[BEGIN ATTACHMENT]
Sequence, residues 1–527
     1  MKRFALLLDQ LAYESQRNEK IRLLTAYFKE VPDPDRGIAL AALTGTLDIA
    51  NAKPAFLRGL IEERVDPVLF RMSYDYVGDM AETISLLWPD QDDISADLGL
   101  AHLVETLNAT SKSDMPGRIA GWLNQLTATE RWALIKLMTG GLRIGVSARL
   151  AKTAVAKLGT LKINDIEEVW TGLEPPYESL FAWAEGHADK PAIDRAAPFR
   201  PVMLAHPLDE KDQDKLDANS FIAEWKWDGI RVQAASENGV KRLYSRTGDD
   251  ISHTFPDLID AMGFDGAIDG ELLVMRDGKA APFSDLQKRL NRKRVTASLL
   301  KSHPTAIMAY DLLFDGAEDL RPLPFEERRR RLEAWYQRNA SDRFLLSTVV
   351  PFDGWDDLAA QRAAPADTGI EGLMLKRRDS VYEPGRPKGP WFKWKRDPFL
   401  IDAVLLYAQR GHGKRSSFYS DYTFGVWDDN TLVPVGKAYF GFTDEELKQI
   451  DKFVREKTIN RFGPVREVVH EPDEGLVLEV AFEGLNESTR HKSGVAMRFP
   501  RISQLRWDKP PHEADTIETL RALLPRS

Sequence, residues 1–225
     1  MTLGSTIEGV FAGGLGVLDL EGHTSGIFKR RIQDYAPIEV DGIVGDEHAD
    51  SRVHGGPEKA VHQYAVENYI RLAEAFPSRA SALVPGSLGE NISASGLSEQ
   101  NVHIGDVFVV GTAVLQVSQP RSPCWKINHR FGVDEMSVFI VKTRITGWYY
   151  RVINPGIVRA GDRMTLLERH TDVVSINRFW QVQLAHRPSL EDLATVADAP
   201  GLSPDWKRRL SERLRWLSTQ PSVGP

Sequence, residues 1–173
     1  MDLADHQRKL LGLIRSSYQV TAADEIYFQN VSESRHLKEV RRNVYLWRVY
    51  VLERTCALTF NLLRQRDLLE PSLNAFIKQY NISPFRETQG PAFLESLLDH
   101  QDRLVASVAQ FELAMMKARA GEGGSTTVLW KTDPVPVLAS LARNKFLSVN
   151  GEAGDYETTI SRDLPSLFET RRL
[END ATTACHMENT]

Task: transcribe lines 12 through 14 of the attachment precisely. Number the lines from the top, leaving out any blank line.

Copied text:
   501  RISQLRWDKP PHEADTIETL RALLPRS

Sequence, residues 1–225
     1  MTLGSTIEGV FAGGLGVLDL EGHTSGIFKR RIQDYAPIEV DGIVGDEHAD